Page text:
The Yakama people encountered the Lewis and Clark Expedition in 1805 where the Yakima River merges with the Columbia River. Lewis and Clark met with Chief Kamiakin, the war leader of the Yakama Nation. Soon after, both American and British trappers followed, bringing with them items to trade with the Yakama people. In increasing numbers, white settlers searching for land and resources continued to arrive in Yakama territory.
Today, the Yakama Nation’s “Iksiks Washana’lama, or “Little Swans”, continue to foster their culture, history and language through dance, songs and stories. The group is a collective of girls and young women brought together by the culture of their tribe through the oral interpretations of stories, dance and song. The group learns traditional songs, dances, and knowledge that has been passed down to them by their elders and ancestors. Their performances include the traditional Swan Dance as well as other songs and dances. The Little Swans have appeared at many locations throughout the state including the Yakima Valley Museum, and the Yakama Nation Cultural Heritage Center Winter Lodge. They have also performed the dances nationally and for national conferences.
Mary Lee Jones of the Yakama Indian Nation is one of the founders of the Little Swan Dancers who came together with parents, children and elders to maintain the social dances of the Plateau Indian Tribes of the Northwest. During the annual Pendleton Round-Up in Pendleton, OR, Swan Dance teams demonstrate their skills and knowledge about these social dances in competition. At the urging of parents of the Toppenish Creek Longhouse, families gathered the young girls together to teach them about their history, dances, songs and culture of the Yakama people. As one of the many traditional food gatherers from young girls to elders, Mary Lee assists with the convening of the young girls, practices and schedules. With an established group of young girls of the longhouse, Mary Lee and families were able to form the dance group immediately.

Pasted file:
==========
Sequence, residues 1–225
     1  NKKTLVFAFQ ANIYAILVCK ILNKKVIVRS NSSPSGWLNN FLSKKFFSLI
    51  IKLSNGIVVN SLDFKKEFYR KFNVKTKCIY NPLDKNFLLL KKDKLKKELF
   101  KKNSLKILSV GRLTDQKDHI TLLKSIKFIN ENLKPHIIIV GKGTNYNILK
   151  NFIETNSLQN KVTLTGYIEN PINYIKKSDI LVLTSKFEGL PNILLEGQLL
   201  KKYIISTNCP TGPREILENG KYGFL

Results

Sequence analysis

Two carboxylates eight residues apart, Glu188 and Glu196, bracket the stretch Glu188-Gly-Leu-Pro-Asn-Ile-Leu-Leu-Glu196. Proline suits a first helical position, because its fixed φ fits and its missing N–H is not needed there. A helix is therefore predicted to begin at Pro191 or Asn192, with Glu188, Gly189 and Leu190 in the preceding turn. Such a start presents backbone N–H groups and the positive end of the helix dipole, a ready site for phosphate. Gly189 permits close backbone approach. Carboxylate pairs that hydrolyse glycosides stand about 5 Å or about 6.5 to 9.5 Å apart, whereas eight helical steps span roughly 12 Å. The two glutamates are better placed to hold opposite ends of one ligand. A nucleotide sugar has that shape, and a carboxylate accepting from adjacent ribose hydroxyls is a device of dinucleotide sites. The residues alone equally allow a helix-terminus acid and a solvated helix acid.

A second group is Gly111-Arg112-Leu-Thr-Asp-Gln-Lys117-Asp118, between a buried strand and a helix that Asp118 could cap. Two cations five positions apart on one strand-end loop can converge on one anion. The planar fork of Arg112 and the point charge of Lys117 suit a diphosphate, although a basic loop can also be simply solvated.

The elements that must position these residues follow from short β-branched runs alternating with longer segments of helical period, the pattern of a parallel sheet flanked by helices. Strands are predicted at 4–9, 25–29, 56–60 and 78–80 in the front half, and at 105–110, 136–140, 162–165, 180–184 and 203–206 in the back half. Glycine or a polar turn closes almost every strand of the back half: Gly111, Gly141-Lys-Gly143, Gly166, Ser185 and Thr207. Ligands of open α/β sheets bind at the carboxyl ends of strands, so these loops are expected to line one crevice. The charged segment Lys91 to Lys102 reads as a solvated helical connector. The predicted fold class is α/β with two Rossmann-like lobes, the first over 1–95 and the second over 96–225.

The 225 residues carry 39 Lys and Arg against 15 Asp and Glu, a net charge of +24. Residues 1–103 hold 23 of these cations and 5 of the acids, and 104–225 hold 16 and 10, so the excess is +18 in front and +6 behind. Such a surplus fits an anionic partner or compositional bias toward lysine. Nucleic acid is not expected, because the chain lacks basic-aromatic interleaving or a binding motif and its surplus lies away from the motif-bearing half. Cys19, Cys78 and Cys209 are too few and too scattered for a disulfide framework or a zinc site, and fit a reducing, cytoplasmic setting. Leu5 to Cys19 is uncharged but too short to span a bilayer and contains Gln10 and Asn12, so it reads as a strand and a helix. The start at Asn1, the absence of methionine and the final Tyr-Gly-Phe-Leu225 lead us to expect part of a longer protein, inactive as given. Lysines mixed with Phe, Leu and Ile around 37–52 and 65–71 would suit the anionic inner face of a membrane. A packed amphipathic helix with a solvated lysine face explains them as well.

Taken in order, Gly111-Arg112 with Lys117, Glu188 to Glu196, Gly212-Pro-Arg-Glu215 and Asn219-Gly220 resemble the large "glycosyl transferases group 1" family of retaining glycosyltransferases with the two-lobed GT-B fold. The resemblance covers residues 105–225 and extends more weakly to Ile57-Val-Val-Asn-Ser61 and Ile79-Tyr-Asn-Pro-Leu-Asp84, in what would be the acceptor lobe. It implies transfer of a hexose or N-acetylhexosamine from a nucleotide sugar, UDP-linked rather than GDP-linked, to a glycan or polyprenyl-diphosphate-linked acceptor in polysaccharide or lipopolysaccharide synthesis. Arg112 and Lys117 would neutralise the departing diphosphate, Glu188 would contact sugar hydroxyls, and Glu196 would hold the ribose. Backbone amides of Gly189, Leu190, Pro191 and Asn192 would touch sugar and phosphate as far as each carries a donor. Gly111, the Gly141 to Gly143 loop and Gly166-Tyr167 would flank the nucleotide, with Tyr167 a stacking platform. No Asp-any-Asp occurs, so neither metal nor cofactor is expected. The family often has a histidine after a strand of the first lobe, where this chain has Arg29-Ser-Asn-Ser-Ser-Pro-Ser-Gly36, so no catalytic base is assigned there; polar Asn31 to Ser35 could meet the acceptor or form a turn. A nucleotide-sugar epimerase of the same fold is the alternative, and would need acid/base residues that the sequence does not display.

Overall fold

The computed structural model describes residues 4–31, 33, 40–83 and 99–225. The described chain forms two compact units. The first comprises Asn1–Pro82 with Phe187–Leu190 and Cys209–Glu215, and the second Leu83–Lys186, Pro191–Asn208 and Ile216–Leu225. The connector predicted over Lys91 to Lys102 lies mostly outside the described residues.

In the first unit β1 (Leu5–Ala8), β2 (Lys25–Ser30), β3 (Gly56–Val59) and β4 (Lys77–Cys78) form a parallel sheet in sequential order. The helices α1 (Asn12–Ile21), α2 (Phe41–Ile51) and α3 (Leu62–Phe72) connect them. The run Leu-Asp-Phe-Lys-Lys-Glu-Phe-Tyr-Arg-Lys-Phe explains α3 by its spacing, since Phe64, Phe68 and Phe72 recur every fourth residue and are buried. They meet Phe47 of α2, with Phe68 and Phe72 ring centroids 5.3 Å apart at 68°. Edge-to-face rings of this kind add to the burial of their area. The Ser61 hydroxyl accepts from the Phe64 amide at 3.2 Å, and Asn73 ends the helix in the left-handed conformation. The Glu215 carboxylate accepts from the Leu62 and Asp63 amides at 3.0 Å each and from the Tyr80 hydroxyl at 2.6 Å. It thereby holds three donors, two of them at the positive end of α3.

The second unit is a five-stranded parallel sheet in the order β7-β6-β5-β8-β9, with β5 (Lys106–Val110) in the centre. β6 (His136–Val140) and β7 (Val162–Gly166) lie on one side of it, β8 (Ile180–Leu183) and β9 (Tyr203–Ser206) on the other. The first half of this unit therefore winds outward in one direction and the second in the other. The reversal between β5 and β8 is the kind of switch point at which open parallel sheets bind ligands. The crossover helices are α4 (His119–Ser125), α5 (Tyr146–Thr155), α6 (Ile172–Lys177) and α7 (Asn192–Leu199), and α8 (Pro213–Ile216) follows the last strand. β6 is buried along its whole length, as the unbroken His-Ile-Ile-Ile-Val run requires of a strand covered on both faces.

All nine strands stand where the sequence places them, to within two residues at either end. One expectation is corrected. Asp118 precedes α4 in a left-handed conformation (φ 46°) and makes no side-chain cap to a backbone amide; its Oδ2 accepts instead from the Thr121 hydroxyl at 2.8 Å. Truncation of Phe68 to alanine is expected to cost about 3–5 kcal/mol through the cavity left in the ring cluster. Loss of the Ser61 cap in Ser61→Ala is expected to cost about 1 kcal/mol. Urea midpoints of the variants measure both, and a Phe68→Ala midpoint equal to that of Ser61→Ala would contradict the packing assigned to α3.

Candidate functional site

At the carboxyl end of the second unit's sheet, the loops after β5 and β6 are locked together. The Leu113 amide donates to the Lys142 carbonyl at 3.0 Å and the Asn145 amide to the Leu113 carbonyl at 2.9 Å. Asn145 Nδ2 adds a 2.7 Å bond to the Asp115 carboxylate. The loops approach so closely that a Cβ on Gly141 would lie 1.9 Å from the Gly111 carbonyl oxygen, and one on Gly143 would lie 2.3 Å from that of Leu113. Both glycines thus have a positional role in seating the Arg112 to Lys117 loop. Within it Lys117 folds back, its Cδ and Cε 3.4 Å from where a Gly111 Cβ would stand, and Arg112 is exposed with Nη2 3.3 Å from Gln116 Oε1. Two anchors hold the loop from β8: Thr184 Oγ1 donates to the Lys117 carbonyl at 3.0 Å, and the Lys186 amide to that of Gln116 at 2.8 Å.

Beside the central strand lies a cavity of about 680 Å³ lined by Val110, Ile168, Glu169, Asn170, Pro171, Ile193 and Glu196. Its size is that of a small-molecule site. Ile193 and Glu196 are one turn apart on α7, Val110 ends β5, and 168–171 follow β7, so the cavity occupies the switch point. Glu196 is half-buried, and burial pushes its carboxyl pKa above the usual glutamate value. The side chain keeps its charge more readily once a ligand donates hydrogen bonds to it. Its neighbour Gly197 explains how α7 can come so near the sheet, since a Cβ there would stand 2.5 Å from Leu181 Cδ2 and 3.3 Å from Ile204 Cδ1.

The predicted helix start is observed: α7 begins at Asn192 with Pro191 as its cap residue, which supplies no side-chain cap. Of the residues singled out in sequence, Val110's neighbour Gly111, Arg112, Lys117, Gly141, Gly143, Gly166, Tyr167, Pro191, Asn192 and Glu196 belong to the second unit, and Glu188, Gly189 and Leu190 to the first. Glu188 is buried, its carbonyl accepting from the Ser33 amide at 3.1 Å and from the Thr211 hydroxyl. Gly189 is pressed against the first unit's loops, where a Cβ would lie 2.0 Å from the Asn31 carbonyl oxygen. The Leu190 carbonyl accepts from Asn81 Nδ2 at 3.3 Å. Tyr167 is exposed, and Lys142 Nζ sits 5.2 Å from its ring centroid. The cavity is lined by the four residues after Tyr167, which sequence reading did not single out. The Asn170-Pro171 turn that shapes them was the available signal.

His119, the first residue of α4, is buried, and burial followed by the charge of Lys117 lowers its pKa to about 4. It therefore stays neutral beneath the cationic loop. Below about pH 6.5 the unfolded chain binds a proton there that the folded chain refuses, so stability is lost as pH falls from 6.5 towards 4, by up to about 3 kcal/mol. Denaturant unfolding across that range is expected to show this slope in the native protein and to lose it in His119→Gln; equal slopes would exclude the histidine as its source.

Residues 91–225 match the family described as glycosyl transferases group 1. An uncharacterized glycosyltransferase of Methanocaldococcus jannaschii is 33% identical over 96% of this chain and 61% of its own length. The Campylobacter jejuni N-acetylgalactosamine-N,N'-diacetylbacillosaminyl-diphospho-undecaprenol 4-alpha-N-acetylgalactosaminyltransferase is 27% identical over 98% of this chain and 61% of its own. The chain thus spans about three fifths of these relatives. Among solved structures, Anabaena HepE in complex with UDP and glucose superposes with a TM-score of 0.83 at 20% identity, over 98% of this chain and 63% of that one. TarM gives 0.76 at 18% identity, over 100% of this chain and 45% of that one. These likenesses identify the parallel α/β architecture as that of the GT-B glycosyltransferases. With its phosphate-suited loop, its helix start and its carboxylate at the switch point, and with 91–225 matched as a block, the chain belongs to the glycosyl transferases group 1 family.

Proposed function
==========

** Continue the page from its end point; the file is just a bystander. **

Patricia “Patsy” Whitefoot of the Yakama Indian Nation is one of the elders of the Little Swans dance group. Whitefoot is a longtime Native educator and activist. She has received many honors for her work including an Adeline Garcia Community Service Award by the Seattle Indian Health Board. “Her commitment to this work has empowered many of us to fight for the safety of Native women everywhere,” said Abigail Echo-Hawk, chief research officer of the Seattle Indian Health Board, which provides health and human services and specializes in the care of Native people. With her experience working with her tribe, state and regional education with the Affiliated Tribes of Northwest Indians for over thirty years, which represents and advocates for the unique needs of 56 tribes in Oregon, Washington Idaho and southern Alaska, as well as western Montana and Northern California, self-determination is evident with the young girls.
The Little Swan Dance group members wear white dresses to recognize the story of the Swan Dance among the Northwest Plateau tribes, red to honor missing and murdered indigenous women and girls, pink to honor Breast Cancer survivors, blue to recognize the Yakama Nation, and other colors to represent the relationship to the land, culture and well-being. On January 19, 2019, the Swan Dancers helped lead the Women’s March in Yakima, WA and danced at a gathering after the walk from the Unitarian Universalist Church to Millennium Plaza. “With our culture of our people, of the Yakama Nation, culture is important. Culture is prevention. Culture is education for us,” Whitefoot said during the gathering.